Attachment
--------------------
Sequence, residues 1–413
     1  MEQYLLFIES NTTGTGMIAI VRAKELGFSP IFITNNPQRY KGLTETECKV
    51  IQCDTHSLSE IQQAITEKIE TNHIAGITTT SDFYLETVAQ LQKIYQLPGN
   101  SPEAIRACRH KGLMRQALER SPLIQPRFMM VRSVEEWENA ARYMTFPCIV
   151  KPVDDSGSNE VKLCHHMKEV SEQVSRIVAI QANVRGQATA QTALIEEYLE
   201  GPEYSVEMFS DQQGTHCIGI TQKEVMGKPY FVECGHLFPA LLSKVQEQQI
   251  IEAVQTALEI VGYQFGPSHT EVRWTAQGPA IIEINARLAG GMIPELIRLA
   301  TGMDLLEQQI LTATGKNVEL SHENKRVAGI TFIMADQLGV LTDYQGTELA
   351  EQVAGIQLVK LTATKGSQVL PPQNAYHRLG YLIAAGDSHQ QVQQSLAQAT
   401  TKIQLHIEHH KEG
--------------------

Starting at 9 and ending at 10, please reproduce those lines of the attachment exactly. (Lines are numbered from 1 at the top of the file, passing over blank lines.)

   351  EQVAGIQLVK LTATKGSQVL PPQNAYHRLG YLIAAGDSHQ QVQQSLAQAT
   401  TKIQLHIEHH KEG